A small Philadelphia theater company called Hotel Obligado folded in December - which ended up, oddly, being good news.

After producing offbeat and new work for eight years, Hotel Obligado closed with a surplus of about $5,000 - which has become its legacy, funding the city's newest theater prize, the Hotel Obligado Audience Choice Award for New Work. A $1,000 chunk of it will be given to one of five small local companies tomorrow night, after all five present snippets of new work they're considering for full productions.

Those presentations make up the Spark Showcase, an evening that will offer glimpses of the new works at Plays and Players Theatre on Delancey Place. After the five have been presented, the audience will vote on which company receives the award.

A thousand dollars doesn't sound like much when you consider the overall costs of a full production, which at the region's major companies can easily run to tens of thousands and more, but "some of these theaters are putting up a play with about $2,000," says Margie Salvante, executive director of the Theatre Alliance of Greater Philadelphia, the service group to the local theater industry and sponsor of the Spark Showcase.

"Under normal circumstances, they might have $500 for all their sets and materials," she explains. "To suddenly be given a grant of $1,000 makes a significant difference for them and will give them the push they need to get that extra prop, get a better space, get a longer time in a rehearsal studio, hire another actor - to increase the value of their production."

The five competing companies are Black Starr Collaborative, Madhouse Theater Company, Philadelphia Dramatists Center, Plays and Players, and Represented Theatre Company.

This fifth annual Spark Showcase - the first done in one evening rather than devoting a separate night to each company, and the first with a prize - comes out of a Theatre Alliance group called Spark. It consists of the region's smaller, start-up companies, whose needs are different from those of larger presenters.

More than 70 companies - the majority of the alliance's 110 members - are part of Spark; they are invited to a fair where they network with theater artists, and to professional-development programs that deal with such subjects as marketing and ticketing.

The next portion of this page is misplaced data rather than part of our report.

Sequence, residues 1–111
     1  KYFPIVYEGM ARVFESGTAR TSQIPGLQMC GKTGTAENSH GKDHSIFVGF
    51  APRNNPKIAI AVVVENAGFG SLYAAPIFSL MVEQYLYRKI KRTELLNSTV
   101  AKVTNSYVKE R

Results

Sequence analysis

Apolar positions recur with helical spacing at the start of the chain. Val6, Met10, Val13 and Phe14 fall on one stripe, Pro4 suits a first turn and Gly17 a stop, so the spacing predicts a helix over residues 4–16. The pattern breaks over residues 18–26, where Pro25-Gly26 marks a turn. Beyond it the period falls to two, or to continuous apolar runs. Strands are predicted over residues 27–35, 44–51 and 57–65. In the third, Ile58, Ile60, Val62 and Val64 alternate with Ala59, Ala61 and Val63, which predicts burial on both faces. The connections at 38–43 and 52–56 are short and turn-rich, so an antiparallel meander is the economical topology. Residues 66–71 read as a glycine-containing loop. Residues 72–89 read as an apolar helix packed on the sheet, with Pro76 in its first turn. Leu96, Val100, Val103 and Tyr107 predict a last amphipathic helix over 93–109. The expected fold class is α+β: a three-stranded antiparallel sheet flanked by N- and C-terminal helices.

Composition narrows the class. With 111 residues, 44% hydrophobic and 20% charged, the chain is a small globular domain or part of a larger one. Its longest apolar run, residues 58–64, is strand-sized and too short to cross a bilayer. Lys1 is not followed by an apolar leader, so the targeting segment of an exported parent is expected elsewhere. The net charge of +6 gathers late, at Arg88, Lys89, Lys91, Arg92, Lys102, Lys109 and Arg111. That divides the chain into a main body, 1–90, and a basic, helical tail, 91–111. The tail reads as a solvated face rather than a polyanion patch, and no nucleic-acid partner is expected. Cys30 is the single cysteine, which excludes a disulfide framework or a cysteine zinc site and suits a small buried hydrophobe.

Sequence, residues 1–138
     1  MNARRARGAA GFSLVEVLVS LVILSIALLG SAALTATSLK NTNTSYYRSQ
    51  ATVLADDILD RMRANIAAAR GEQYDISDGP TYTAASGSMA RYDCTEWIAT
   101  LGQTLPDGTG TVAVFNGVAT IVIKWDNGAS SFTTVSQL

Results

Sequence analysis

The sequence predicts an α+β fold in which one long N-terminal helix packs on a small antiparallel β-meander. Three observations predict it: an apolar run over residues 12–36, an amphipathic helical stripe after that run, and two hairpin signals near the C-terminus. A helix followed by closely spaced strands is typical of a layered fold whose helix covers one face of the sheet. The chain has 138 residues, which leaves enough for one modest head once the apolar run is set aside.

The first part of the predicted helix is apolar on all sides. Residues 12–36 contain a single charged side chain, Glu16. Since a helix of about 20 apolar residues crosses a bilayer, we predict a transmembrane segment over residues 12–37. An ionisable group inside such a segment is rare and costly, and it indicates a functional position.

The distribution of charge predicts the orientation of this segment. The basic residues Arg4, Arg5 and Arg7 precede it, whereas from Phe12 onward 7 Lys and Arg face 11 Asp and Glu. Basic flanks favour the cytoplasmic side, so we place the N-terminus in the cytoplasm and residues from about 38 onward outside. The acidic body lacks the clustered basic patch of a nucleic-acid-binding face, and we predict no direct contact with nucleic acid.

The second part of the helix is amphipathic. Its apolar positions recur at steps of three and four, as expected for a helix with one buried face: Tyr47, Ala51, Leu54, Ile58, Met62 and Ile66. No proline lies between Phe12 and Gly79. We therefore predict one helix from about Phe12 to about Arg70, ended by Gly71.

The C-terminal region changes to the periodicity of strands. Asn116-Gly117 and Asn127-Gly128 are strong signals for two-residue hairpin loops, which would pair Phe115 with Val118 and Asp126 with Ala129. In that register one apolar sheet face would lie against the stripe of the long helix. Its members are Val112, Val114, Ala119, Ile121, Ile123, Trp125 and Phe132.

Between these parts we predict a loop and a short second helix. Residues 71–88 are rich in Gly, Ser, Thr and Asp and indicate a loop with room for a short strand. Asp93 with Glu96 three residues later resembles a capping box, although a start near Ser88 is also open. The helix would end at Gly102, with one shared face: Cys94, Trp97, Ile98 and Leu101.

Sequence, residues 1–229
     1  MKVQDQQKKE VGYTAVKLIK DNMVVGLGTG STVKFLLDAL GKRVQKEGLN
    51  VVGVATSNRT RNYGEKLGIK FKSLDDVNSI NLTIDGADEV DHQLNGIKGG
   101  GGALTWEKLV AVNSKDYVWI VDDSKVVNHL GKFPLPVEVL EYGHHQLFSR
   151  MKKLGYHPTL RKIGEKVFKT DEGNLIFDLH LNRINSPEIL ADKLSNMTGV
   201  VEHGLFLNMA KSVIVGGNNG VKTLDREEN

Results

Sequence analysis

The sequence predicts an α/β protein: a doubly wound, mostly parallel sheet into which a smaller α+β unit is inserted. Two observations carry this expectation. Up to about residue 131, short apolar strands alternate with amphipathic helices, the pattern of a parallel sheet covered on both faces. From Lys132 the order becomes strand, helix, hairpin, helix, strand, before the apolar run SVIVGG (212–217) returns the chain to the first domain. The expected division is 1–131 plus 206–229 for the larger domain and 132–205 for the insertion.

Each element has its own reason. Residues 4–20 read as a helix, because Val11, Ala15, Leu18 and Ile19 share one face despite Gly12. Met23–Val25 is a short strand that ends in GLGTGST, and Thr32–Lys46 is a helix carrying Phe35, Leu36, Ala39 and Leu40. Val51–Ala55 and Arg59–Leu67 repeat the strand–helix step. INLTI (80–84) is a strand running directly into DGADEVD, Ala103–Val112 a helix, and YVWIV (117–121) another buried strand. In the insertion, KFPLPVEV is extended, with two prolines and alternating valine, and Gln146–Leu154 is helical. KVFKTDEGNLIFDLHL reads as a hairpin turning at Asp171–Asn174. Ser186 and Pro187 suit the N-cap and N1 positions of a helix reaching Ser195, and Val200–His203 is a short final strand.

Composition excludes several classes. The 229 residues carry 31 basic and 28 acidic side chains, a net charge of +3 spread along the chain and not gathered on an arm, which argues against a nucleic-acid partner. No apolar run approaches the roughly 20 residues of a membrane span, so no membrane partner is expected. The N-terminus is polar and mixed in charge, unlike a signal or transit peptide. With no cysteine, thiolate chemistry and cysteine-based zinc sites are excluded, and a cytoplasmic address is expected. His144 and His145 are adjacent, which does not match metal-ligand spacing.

To be among the alliance's Spark theaters, "your budget has to be under $200,000, and you cannot have a standard contract with Actors' Equity," the national union of actors and stage directors that negotiates with 34 of the region's larger theaters, says Karen DiLossi, the alliance's director of programs and services, who oversees Spark projects. Several Spark theaters, though, do have special contracts allowing Equity actors in their productions on a case-by-case basis.

Hotel Obligado was among the Spark theaters. Co-founders Robin Marcotte and Dawn Falato agreed last year that Hotel Obligado was no longer the way to express their artistic visions.

"When a labor of love becomes more labor than love, it is time to reevaluate how we approach our art," they wrote on the theater's Web site, saying the company was disbanding "after several months of weighing the pros and cons of maintaining our quickly growing organization while struggling with a lack of financial and administrative resources."

Under the rules of nonprofits, Hotel Obligado, upon closing, had to distribute its surplus to another nonprofit agency. The directors arranged to turn the money over to the Theatre Alliance, which decided to establish the "people's choice" award voted by the Spark Showcase audience. The alliance plans to give the $1,000 award over the next few years, as long as the money lasts.

Hotel Obligado was dedicated to developing new work - as are many small theaters in Spark and, to a degree, all the region's more established, larger professional theaters. Research from the Pennsylvania Cultural Data Project found that in the 2005-06 theater season, 81 world premieres were presented in Philadelphia, 26 percent of all professional productions. Comparable markets produced new work as 12 percent of their seasons.

Also that season, Philadelphia theaters held 63 workshops or readings of new work and commissioned 17 new plays.

"The significant number of new plays being produced is really being fueled by the small theater companies," says the alliance's Salvante, who cites the Spark Showcase as a prime example. "Where is the next Tennessee Williams going to come from? The next Arthur Miller? A lot of new work is being nurtured by the small companies, in the trenches.

"The next generation of playwrights is linking with these small theater companies, cultivating together, honing their craft, shaping the stories, and the small companies are incubating them."

This, she says, speaks directly to theater's role, "to show us who we are and to ask us how we should live. Certainly, the great plays of the theater canon endure because they tell the story of universal human experience. In a society such as ours, that is evolving at a rapid pace and confronted with many new issues, we need to be constantly renewing the story."